Florida Attorney General ‘Just Says No’ To Medical Marijuana

Please find below a recent memo from Florida Attorney General’s office rejecting activist’s petition to reschedule marijuana for medical access. This is notable because Florida is a top five political bellwether state, with an aging population, NORML receives more requests from Florida residents than anywhere else in the country to reform local medical cannabis laws.

Unfortunately, Florida Attorney General Pam Bondi’s office has rejected a petition from the Cannabis Action Network to reschedule cannabis so that sick, dying and sense-threatened medical patients with a doctor’s recommendation can possess and use it legally. As often is the case at the state level, the Attorney General is deferring to federal laws and Congressional intent.


Administrative Law Bureau

Edward A. Tellechea
Chief Assistant Attorney General
PL-01, The Capitol
Tallahassee, FL 32399-1050
Phone (850) 414-3300
Fax (850) 922-6425

December 12, 2012

Jodi James
Director, Cannabis Action Network
Melbourne, FL

Ms. James:

Thank you for your petition wherein you request that the Attorney
General temporarily reschedule cannabis. I have been asked to
respond on the Attorney General’s behalf.

Section 893.0355, Florida Statutes, delegates to the Attorney
General the authority to temporarily reschedule controlled
substances set forth in Section 893.03(1), Florida Statutes, by rule
and addresses what factors shall be considered when making such a
determination. The statute reads in part as follows:

(3) In making the public interest determination, the Attorney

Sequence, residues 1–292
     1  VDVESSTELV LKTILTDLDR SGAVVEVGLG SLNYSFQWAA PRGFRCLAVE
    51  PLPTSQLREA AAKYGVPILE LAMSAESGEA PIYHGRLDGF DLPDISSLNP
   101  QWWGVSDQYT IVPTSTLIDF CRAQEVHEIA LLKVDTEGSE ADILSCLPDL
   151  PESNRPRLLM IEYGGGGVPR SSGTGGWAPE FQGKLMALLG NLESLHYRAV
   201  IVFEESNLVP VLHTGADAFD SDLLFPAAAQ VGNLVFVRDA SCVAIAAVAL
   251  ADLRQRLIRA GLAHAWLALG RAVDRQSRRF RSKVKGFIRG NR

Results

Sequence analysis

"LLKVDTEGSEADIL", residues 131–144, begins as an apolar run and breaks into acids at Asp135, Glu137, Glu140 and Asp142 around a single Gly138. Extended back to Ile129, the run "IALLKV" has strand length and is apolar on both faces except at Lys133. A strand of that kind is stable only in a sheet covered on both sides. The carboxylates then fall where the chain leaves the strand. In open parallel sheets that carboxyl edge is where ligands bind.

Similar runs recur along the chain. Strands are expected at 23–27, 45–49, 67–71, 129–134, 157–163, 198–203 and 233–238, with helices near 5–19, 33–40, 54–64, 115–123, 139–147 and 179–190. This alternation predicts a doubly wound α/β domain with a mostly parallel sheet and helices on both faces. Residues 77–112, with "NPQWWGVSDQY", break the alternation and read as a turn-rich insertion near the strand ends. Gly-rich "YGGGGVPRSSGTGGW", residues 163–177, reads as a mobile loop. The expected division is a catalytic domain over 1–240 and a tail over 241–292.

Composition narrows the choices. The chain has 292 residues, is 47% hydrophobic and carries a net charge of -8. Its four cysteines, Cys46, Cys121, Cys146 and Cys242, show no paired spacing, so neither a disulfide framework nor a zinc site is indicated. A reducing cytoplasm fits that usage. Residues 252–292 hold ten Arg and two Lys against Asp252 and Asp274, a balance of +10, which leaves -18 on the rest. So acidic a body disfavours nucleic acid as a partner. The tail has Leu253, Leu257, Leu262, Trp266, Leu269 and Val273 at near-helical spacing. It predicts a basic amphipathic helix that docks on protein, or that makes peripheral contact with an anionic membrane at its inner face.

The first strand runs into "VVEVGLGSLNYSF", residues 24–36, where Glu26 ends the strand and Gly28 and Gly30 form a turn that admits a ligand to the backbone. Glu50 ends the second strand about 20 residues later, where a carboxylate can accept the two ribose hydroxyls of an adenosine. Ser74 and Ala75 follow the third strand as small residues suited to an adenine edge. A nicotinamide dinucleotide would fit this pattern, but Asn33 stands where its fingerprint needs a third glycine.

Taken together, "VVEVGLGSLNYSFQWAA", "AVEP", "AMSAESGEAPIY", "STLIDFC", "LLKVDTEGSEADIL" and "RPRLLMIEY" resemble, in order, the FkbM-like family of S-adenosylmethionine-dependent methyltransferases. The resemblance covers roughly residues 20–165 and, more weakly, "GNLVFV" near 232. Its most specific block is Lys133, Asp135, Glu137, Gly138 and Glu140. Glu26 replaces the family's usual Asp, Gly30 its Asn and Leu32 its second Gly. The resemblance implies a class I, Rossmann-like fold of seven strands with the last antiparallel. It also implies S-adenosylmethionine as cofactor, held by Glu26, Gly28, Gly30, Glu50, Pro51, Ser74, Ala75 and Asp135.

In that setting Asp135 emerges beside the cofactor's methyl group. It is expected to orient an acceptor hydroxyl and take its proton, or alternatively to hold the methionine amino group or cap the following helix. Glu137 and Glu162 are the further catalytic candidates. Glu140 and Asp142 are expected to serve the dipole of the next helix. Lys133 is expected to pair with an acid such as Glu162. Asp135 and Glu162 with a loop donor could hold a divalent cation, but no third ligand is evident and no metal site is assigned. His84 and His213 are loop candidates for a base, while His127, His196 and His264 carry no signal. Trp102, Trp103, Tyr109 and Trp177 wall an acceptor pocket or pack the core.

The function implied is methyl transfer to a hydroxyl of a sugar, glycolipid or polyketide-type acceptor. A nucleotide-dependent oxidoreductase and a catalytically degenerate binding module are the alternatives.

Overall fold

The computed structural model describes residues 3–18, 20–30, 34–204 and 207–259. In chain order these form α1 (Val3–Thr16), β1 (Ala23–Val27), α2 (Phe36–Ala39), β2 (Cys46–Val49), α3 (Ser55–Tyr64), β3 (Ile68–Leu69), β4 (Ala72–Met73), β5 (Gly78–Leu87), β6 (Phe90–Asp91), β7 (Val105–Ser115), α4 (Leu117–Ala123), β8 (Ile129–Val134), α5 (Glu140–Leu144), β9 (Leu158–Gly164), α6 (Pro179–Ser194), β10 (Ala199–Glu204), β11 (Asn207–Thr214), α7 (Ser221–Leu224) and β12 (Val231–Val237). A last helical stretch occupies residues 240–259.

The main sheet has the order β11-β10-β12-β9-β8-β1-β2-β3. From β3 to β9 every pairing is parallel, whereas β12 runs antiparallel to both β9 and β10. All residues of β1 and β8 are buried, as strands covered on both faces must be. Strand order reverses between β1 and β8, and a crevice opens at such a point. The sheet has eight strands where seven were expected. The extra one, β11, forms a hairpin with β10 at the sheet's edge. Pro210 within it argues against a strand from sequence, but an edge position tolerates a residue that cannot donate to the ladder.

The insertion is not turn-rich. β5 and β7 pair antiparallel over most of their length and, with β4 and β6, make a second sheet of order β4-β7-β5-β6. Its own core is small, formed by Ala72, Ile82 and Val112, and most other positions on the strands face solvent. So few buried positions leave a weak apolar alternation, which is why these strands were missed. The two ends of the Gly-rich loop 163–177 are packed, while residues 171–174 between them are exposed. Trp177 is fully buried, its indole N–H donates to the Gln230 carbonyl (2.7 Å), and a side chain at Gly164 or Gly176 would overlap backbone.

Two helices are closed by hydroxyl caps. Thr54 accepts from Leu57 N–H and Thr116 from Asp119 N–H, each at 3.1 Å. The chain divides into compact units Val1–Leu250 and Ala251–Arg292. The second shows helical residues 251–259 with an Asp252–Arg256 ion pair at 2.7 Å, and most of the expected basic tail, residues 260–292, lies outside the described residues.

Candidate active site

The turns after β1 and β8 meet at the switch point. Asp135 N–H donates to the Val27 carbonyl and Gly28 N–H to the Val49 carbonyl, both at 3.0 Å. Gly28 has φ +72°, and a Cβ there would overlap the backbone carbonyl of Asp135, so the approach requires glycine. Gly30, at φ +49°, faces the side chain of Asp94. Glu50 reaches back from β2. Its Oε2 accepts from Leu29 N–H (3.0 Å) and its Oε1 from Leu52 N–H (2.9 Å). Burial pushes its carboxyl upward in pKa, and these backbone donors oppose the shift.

General shall give great weight to the scheduling rules adopted by
the United States Attorney General subsequent to such substances
being listed in Schedules I, II, III, IV, and V hereof, to achieve
the original legislative purpose of the Florida Comprehensive Drug
Abuse Prevention and Control Act of maintaining uniformity between
the laws of Florida and the laws of the United States with respect
to controlled substances.

The above quoted statutory language makes it very clear that when
determining whether a controlled substance should be rescheduled the
Attorney General must give great weight to the current drug
scheduling under federal law. In addition, Florida law also strongly
encourages uniformity in Florida and federal drug scheduling.

The Attorney General does not believe that it is in the best
interest of the public for her to use her authority to temporarily
reschedule cannabis, particularly given the legislative preference
for uniformity with federal drug laws and the fact that cannabis
remains a Schedule I drug under federal law.


Edward A. Tellechea
Chief Assistant Attorney General

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